I have written a couple of times about the JBC stock trading – stock market – share price prediction scam.
Nearly two years later, and after many complaints to regulatory authorities, they still seem to be in business.
JBC Global, CFS Live, and anything associated with them, are an outright fraud.
Some of the names given by its ‘senior analysts’ (telephone con agents) are: Paul Harvey, Chris Wallace, Mike Boyd, Bruce Jones, Scott Brennan, David Moore, Adrian Mathews, Gareth Hughes, Philip Duiker, Chris Davis, Danny Cook.
It is likely that these names are invented, as is the ‘senior analyst’ title.
JBC’s website is still active, but is now pretending to be wider than merely stock trading software. It claims to be a comprehensive business development group, offering software development, employment services, and project management. No matter where you enter your details on this site, you will receive a phone call offering to send you a brochure outlining JBC’s services.
This will be an impressive looking, professionally designed and printed brochure intended, like their website, to give an impression of wealth and stability. You will then receive a follow up phone call, offering you one of a very limited number of licenses. If you express doubts, you may be directed to scam websites which appear to review other, legitimate home business or investment packages, and which give glowing reviews, or even awards, to JBC’s program.
All of this is true of CFS cfs-live.com (I am not giving them a link). The same professional website, the same professional looking brochure, the same skanky con-men on the phone.
I suspect that cfs-live is simply a re-badged version of the JBC share price / stock prediction / share trading scam.
There are plenty of these swindlers around. The PCA (position cost averaging) system is another one, complete with its own fake independent review site at stocktradingeguide.com.
JBC and CFS are the stock trading scams which seem to be most active in Australia.
I am not sure why regulators and police seem unwilling or unable to do anything about these thieves. But as long as they continue to operate, ordinary Asutralians are losing their savings.
I intend to get in touch with A Current Affair or Today Tonight and suggest they do a story on JBC and CFS.
If you have been contacted by these groups, and would be willing to share your story, please add a comment using your correct email address (not visible to the public), or contact me – see my profile page for my email address.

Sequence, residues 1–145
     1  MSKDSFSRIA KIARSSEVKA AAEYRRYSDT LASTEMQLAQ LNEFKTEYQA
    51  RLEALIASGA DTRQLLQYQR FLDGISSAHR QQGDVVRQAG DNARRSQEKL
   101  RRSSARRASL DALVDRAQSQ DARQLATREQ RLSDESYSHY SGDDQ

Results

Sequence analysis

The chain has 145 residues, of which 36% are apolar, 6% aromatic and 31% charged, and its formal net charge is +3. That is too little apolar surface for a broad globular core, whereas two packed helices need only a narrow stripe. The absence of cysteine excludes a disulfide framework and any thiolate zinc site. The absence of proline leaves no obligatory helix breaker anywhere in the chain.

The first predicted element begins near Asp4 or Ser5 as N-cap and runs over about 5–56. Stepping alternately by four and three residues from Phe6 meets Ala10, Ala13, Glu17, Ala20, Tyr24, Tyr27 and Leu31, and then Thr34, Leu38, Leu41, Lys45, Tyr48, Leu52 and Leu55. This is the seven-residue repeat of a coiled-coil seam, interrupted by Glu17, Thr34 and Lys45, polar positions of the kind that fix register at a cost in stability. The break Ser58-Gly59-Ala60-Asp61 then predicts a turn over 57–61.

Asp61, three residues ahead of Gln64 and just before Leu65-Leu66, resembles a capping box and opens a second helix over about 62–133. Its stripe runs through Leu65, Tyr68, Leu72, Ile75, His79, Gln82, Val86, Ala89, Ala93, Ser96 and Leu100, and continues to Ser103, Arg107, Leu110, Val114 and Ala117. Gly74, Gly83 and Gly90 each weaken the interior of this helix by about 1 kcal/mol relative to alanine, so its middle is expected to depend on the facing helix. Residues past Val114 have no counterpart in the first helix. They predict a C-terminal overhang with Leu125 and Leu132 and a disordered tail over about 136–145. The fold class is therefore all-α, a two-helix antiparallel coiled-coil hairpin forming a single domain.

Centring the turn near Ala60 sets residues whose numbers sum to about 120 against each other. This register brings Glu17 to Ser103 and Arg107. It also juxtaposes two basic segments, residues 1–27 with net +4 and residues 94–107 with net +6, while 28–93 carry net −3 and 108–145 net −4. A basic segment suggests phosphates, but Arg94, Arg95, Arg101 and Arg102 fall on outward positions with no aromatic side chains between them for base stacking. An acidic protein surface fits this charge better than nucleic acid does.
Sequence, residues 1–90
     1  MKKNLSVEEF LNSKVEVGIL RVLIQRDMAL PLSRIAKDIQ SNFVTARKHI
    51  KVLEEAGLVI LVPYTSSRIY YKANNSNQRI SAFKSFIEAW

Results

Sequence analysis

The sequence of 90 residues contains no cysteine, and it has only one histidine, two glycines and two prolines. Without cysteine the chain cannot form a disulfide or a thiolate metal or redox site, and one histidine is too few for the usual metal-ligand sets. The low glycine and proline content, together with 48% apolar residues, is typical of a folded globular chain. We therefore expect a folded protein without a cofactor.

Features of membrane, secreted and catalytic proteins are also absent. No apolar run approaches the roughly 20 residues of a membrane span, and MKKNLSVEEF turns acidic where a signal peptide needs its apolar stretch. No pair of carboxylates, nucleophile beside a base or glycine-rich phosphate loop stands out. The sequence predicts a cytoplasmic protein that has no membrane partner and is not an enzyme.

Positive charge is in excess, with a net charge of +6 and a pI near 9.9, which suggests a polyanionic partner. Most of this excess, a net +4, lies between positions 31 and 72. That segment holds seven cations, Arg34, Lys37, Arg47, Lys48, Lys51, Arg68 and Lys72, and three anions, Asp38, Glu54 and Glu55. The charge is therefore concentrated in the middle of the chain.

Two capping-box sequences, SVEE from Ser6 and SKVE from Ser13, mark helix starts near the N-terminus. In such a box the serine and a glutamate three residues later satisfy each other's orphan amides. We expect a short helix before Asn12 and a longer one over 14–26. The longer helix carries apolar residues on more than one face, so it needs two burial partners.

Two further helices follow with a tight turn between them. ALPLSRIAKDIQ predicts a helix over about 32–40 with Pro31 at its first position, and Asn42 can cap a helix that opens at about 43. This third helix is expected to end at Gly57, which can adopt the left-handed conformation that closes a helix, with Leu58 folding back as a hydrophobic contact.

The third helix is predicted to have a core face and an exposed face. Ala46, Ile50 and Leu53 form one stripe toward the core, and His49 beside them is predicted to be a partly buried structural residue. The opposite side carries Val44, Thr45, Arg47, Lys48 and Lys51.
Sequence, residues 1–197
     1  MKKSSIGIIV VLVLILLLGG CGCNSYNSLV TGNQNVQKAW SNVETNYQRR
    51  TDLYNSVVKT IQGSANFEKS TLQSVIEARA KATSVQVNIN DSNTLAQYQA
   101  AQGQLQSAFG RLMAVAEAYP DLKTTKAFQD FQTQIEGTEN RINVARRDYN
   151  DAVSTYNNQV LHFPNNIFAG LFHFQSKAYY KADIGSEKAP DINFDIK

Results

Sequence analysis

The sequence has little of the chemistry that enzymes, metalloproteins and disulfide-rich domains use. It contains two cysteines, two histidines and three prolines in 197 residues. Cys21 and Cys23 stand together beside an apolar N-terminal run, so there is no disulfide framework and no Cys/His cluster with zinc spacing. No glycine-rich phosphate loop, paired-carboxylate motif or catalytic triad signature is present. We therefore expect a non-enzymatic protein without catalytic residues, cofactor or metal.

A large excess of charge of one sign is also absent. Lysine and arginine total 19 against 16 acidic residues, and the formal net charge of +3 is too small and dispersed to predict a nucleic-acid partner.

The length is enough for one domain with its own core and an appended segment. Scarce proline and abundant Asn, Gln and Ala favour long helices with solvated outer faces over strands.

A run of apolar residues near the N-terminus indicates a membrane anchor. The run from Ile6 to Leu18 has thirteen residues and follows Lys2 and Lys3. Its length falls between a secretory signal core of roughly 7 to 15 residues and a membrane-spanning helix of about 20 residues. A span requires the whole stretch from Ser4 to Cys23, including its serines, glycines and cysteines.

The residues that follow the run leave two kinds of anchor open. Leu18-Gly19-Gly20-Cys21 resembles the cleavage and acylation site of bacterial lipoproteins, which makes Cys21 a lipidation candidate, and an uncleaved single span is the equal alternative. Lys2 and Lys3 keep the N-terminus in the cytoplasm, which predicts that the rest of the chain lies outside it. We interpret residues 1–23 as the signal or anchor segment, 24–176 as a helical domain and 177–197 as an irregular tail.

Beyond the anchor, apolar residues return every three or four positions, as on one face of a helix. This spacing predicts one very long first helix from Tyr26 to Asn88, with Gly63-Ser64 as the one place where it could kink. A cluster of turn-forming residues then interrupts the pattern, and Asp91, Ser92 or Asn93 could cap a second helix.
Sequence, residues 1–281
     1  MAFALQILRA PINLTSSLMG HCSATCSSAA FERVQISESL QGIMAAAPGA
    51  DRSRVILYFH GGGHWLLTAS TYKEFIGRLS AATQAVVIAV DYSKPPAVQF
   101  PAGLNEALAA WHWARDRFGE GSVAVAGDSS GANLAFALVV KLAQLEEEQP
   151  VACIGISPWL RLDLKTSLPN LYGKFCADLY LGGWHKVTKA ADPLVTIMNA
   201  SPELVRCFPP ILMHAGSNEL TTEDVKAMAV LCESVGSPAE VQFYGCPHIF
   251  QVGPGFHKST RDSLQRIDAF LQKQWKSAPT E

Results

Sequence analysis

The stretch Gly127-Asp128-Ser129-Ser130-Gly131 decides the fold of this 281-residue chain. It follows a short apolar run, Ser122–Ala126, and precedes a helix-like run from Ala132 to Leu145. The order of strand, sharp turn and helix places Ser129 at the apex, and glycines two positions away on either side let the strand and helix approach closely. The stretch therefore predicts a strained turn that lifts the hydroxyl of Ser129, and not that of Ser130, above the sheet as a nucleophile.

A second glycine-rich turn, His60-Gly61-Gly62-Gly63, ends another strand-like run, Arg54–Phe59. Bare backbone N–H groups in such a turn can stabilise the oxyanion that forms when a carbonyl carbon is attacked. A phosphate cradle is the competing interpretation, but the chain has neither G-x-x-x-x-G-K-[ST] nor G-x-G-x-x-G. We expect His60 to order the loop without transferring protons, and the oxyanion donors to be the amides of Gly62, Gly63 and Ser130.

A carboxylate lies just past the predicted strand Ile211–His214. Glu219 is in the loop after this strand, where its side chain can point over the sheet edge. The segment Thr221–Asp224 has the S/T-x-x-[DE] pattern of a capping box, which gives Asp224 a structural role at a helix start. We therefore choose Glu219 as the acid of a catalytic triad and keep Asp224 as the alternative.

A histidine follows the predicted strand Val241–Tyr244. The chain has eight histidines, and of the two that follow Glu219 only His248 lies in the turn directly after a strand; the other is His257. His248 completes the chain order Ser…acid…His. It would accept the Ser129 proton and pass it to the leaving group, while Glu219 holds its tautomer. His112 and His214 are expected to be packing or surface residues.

CFS is definitely still active in Australia. I have received emails from a gentleman who spent $8900 in January to buy their programme. For $8900 he got a disk and a booklet, and a folder to put them in.
From his descriptions, the CFS package is identical to the JBC programme.
The software gives a points value to different stocks. You are supposed to look at the points value and decide what to buy and sell.
The points value appears to be based on sudden movement of stocks up and down. For example if a stock has been stable for a long time and then suddenly drops, it will get a high points value – that is, a buy recommendation – on the basis that it is likely to come back up again just as quickly.
These are frequently very bad recommendations.
The recommendations are bad because the programme has no idea what is going on the real world. A stock that suddenly decreases in value usually does so for a good reason.
Stefan left this comment at one of the earlier JBC / CFS posts:
I’ve been contacted by a chris of cfs. He was trying to sell cfs end of day trading software. he gave me the websites gfmo.org homebusinessprofessionals.biz which have reviews of their software but the net has no links to these sites or to cfs which means they are all probably a bit dubious. His phone number was 1300 441 355.
GFMO and homebusinessprofessionals are fake ‘independent’ websites, set up by JBC/CFS to reassure prospective buyers.
Referring prospects to fake sites to give an appearance of legitimacy makes it clear that the JBC or CFS packages are not products offered in good faith.
Don’t fall for these scams!